6

I would like to change a property, say the color, of a forest node between overlays in beamer. It is proposed elsewhere to use PGF's keys for this in the general case. However, this approach doesn't seem to be compatible with forest, at least this is what I experience. The following MWE does not compile:

\documentclass{beamer}
\usepackage{forest}

\tikzset{onslide/.code args={<#1>#2}{%
  \only<#1>{\pgfkeysalso{#2}} 
}}

\begin{document}
\begin{frame}

\begin{forest}
[A,name=a [B,name=b,onslide=<2>{red}] [C,name=c] ]
\end{forest}

\end{frame}
\end{document}

I could equally well live with a solution along the following lines:

\documentclass{beamer}
\usepackage{forest}

\begin{document}
\begin{frame}

\begin{forest}
[A,name=a [B,name=b] [C,name=c] ]
\only<2>{
    %add parameter red to node b
}
\end{forest}

\end{frame}
\end{document}

Any idea how to achieve this?

Edit: Thanks to @cfr for making me aware of the stupid bug in my MWE. \tikzset was located inside the forest environment.

  • Did this solve it for you? I didn't have too much time earlier, so I just really tested your code to make sure I could reproduce, copied the stuff I was using and tested it to make sure it worked, and posted the result. I didn't really try to diagnose the problem. (\tikzset can usually come after \begin{document} and not only in the preamble, although there are some exceptions to this.) – cfr Jul 2 '15 at 20:19
  • @cfr: Yes, I'm really happy with it :) The problem with \tikset popped up when putting it inside the forest environment (contrary to what I said first). That's probably not so unexpected. – Timm Jul 2 '15 at 21:00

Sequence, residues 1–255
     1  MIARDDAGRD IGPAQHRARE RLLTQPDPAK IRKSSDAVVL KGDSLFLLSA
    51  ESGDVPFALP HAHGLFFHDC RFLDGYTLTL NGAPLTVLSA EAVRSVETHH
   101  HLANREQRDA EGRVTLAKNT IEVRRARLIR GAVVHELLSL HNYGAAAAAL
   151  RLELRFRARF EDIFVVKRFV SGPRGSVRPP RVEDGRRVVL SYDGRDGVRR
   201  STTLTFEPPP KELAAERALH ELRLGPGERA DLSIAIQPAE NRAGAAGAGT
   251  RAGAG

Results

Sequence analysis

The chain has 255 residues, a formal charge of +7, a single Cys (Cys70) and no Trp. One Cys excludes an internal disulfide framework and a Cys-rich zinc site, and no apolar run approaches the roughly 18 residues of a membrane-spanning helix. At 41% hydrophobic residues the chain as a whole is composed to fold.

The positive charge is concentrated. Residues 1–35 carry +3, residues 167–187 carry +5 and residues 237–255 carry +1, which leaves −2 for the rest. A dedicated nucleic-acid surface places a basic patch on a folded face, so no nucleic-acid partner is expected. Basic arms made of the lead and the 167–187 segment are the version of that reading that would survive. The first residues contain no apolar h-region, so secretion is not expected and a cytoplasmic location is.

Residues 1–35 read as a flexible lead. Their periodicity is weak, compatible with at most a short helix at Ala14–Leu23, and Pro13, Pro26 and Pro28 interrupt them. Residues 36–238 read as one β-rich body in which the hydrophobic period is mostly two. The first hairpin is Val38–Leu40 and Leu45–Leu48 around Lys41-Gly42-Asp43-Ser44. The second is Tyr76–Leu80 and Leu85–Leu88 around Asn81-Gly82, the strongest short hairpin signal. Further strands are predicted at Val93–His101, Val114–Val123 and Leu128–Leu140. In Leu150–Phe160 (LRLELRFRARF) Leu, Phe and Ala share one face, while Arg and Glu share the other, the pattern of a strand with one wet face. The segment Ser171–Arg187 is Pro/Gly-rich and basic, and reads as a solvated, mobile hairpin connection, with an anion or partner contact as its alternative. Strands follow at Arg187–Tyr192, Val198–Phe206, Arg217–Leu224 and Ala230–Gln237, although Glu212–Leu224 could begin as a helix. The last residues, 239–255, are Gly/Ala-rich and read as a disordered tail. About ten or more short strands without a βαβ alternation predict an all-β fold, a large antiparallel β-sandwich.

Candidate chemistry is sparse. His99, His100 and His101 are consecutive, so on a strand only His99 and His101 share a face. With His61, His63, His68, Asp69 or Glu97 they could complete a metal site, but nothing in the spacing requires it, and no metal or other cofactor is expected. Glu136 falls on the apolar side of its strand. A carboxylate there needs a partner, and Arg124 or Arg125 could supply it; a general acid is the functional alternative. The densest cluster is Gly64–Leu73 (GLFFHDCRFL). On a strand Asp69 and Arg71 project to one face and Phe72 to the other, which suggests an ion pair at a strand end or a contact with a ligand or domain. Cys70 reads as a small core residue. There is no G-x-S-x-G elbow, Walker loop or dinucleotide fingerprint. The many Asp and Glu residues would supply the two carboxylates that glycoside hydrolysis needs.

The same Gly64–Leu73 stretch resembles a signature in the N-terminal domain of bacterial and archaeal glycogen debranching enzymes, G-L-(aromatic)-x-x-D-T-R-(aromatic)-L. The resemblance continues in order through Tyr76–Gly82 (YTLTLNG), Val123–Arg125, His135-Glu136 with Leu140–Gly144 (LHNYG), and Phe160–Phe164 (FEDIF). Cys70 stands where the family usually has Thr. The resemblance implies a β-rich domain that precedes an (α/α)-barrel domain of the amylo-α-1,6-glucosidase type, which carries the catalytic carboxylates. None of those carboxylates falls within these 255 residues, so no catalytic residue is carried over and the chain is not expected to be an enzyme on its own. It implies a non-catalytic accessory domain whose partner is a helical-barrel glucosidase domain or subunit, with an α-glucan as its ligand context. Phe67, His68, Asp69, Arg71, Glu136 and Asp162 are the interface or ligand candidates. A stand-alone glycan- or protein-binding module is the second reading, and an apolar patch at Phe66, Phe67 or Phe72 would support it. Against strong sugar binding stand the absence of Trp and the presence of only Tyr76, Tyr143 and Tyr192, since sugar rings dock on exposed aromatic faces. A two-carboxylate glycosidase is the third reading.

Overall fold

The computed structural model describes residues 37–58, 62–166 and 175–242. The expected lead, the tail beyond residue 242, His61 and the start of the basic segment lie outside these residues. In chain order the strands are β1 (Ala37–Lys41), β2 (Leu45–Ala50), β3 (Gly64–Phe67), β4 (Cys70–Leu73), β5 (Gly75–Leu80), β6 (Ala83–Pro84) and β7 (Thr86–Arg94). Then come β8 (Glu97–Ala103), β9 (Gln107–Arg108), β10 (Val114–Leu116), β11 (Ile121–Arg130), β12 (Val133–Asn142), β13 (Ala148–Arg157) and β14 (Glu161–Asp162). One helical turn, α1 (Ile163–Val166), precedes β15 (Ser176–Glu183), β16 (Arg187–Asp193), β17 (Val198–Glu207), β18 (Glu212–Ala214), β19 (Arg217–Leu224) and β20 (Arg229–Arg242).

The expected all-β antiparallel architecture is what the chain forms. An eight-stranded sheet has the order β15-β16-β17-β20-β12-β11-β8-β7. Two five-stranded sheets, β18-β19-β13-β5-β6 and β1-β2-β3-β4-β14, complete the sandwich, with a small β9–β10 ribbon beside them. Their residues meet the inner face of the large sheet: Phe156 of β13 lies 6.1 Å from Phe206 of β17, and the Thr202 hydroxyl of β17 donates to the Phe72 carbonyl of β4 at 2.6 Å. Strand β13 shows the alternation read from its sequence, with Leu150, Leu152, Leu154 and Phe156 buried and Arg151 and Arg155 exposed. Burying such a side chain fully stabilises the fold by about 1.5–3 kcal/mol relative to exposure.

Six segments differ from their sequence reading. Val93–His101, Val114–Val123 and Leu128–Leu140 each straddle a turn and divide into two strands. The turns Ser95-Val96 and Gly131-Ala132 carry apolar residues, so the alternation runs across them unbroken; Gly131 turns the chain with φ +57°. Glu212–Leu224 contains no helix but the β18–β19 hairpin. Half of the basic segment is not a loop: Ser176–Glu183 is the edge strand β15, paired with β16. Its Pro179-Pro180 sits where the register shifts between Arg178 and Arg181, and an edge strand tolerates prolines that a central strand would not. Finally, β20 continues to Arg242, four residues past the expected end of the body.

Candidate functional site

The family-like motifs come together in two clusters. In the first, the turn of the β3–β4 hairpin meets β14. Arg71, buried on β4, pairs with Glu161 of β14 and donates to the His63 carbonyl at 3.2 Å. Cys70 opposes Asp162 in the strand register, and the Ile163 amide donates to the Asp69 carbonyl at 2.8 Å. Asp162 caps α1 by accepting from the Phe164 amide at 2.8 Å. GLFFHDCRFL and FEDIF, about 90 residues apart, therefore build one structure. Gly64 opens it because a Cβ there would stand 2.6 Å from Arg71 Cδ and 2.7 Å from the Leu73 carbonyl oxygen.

• Oh, right. Yes. That would be likely to cause problems. You can say /tikz/whatever/.style={...} etc. after \begin{forest} but it is already primed to set forest keys at that point, so a \tikzset (or a \forestset) is not likely to go down well ;). – cfr Jul 2 '15 at 21:19
5

This code is originally adapted from various answers by other people. It is what I'm currently using for this kind of thing. Hopefully it will help you too.

\documentclass{beamer}
\usepackage{forest}
\tikzset{% set up for transitions using tikz with beamer overlays
  invisible/.style={opacity=0,text opacity=0},
  visible on/.style={alt=#1{}{invisible}},
  alt/.code args={<#1>#2#3}{%
    \alt<#1>{\pgfkeysalso{#2}}{\pgfkeysalso{#3}} % \pgfkeysalso doesn't change the path
  },
  transparent/.style={opacity=0.1,text opacity=0.1},
  opaque on/.style={alt=#1{}{transparent}},
  alerted/.style={color=alerttextdefaultfg},
  alert on/.style={alt=#1{alerted}{}},
}
\forestset{%
  visible on/.style={%
    for tree={%
      /tikz/visible on={#1},
      edge={/tikz/visible on={#1}}}},
  opaque on/.style={%
    for tree={%
      /tikz/opaque on={#1},
      edge={/tikz/opaque on={#1}}}},
  alerted on/.style={%
    for tree={%
      /tikz/alerted on={#1},
      edge={/tikz/alerted on={#1}}}},
}
\begin{document}
\begin{frame}

\begin{forest}
  [A,name=a [B,name=b,alt=<2>{red}{}] [C,name=c] ]
\end{forest}

\end{frame}
\end{document}

trees

Obviously you don't need all of the styles I show, but I included them for completeness as you can easily delete them if they are unwanted.

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